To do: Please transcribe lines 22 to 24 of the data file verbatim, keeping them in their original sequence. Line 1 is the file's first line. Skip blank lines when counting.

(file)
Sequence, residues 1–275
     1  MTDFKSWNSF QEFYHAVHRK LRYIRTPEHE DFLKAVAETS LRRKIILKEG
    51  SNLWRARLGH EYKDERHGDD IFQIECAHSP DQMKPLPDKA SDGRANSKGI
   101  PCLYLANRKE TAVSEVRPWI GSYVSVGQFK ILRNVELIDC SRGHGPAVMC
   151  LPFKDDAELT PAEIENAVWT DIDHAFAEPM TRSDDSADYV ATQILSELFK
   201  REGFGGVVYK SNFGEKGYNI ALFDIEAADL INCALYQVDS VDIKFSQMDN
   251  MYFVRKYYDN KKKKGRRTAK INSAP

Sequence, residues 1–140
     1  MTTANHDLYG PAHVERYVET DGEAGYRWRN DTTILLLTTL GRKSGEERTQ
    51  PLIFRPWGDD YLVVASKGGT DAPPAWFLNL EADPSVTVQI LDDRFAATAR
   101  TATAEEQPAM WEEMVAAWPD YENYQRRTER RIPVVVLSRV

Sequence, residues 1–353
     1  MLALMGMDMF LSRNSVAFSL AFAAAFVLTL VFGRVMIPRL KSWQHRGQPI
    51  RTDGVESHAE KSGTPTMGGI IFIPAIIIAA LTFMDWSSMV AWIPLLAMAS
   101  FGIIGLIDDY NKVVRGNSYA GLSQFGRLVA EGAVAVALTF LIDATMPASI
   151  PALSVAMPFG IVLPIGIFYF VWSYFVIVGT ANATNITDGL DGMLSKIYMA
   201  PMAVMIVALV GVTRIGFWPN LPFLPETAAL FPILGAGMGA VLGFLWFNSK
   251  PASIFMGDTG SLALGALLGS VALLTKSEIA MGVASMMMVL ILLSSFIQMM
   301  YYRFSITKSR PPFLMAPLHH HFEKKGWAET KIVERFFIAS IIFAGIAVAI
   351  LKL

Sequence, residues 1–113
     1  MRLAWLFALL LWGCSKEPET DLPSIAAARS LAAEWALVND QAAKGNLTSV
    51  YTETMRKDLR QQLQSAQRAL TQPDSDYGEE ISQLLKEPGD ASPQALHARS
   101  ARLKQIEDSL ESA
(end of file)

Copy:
     1  MRLAWLFALL LWGCSKEPET DLPSIAAARS LAAEWALVND QAAKGNLTSV
    51  YTETMRKDLR QQLQSAQRAL TQPDSDYGEE ISQLLKEPGD ASPQALHARS
   101  ARLKQIEDSL ESA